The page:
Knowledge is power

Mike Darby CEO and Co-founder of Demand Logic argues that facilities managers can simplify the operation of complex buildings by analysing previously untapped building data to save energy, increase comfort and improve maintenance efficiency

With new climate emergencies appearing every week, attention is increasingly turning to the hidden carbon factories that are commercial buildings. When it comes to carbon reduction strategies, the Building Management System (BMS) is the quickest and easiest starting point. It plays a crucial role in carbon strategies because the BMS controls and/or monitors the operation of heating, ventilation and air conditioning (HVAC) and in some cases, other systems such as lighting and metering. This means that BMS optimisation is vital in reducing costs, improving property performance, reducing energy consumption and monitoring asset performance.

This optimisation is not a one-off project, but an ongoing process to ensure that your properties continue to work as they should, and not haemorrhage energy and cash.

BUILDING MANAGEMENT SYSTEMS – AN INDUSTRY KNOWLEDGE GAP?
Earlier this year, we conducted a poll for delegates at the Reimagining Real Estate conference(i) asking ‘Does your carbon strategy include BMS optimisation?’ Of those polled, Demand Logic’s survey found that while 46 per cent said they had included BMS optimisation in their carbon strategy, 15 per cent said they had not and the remaining 39 per cent did not know about BMS optimisation.

Our survey suggests that there is a lack of understanding about the role that a BMS optimisation strategy has in reducing operational carbon emissions. This means that many property and facilities managers are missing out on an effective and simple mechanism to reduce the operational carbon emissions of their buildings, and raises a few questions to consider.

If you aren’t measuring a building’s performance correctly then you could be unknowingly responsible for increased carbon emissions and costs impacting bottom line performance. When it comes to carbon reduction strategies, the BMS is the quickest and easiest starting point. However, this is veiled with historical issues such as a lack of access, visibility or the usability of the BMS itself – which is often difficult to navigate and provides little in terms of analysis. Therefore, it is important to ensure you have an appropriate system in place to access the thousands of insightful data-sets.

THE ROLE OF BMS OPTIMISATION
Building services are complicated, with old buildings in particular using a diverse range of interconnected systems, aimed at making spaces comfortable and productive but with a minimum environmental impact. However, numerous studies such as the analysed data from Innovate UK’s £8 million Building Performance Evaluation Programme(ii) identifies poor building performance as a major contributor to greenhouse gas emissions and the performance gap.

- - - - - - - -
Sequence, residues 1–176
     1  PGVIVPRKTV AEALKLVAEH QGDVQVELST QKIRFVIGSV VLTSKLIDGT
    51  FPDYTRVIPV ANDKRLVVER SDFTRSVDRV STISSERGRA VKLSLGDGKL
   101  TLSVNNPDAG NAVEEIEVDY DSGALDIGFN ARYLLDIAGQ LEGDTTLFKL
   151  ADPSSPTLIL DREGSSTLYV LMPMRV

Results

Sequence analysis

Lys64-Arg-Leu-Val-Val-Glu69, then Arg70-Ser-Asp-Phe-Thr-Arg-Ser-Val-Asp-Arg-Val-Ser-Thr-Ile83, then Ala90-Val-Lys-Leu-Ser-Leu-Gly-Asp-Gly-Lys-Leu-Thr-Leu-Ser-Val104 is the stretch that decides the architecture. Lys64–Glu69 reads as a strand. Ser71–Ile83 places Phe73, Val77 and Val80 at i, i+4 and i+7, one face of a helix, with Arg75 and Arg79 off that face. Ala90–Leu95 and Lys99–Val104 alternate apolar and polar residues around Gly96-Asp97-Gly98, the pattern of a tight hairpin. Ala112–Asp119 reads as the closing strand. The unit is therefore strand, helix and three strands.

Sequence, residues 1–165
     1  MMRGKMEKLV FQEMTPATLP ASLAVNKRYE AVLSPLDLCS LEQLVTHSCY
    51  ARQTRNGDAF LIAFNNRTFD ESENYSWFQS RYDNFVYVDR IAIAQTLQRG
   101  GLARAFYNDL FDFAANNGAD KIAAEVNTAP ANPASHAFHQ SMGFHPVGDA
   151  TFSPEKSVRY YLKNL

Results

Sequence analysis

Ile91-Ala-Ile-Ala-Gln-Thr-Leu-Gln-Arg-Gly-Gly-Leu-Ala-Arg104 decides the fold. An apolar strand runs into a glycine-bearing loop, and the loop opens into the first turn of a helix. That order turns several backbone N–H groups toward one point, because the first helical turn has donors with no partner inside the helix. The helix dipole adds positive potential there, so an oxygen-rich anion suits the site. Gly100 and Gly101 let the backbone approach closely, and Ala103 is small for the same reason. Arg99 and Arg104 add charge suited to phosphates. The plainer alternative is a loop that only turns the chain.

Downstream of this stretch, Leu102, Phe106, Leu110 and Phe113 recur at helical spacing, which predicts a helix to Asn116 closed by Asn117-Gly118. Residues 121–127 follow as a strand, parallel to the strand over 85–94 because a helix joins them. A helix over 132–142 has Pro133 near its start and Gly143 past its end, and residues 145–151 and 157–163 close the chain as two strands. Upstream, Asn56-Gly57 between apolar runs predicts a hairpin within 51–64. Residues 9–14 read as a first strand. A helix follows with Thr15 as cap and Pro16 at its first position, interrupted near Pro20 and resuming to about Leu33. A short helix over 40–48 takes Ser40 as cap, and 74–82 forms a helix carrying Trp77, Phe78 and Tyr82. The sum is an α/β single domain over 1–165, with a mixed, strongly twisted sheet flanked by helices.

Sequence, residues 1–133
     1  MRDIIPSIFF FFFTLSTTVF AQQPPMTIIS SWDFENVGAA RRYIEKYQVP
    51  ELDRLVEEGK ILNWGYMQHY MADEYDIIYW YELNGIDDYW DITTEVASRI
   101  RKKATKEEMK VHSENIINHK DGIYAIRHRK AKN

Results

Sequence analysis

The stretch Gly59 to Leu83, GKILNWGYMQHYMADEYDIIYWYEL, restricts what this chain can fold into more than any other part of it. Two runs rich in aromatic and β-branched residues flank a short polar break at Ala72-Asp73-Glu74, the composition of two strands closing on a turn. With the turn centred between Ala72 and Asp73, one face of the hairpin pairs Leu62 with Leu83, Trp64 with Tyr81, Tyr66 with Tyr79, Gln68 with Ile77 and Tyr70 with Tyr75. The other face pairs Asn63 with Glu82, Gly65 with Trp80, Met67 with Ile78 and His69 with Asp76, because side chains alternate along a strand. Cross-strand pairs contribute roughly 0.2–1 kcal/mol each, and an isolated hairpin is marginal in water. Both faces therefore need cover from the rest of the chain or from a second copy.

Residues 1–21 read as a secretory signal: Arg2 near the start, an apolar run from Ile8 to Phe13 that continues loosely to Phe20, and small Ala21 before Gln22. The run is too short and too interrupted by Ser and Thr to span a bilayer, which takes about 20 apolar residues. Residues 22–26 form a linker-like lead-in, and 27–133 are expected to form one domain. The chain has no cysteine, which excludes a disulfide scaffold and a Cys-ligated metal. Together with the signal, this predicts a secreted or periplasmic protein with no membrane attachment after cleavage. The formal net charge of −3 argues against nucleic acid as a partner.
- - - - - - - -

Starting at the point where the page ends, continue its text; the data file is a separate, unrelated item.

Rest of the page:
The role of the BMS in monitoring heating, ventilation and air conditioning systems is a key factor in operational performance, but it isn’t an easy task. There is a level of complexity behind the scenes of modern building services with hundreds or even thousands of individual consumers that together represent the vast energy demand of buildings.

Monitoring these consumers are tens or hundreds of thousands of data points; these may be temperature sensors or even valves that regulate the flow of water through the systems. The interaction of all these systems is key to operating and optimising the overall BMS performance.

However, this is too often overlooked and we regularly see issues such as these:

  • Commissioning is condensed and there’s not enough time for installers to ensure systems are working optimally.
  • Witnessing via spot-checks can represent a point in time rather than ongoing analysis and usually only a sample of the systems.
  • Maintenance is manual with teams visiting each asset on a routine or reactive basis, but they are either too early because there are no problems yet, or too late when systems have been underperforming for some time.
  • Skilled operators are rare and quick fix reactions to complaints can often compound operational problems making things worse. With manual override of control strategies commonplace.
  • Due to an extremely competitive market, FM margins are poor, providing little flexibility to provide additional support without extra costs.
  • Maintenance contracts are often badly structured, based on outdated principles, with contractors being paid extra to respond to complaints and therefore not incentivised to proactively improve building performance. KPIs and SLAs are structured to deliver against Planned/Reactive tasks – rather than overall building performance.
  • But for us, the key is that performance is opaque – with few, if any, having the ability to monitor and truly analyse the performance of a building.

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About Sarah OBeirne

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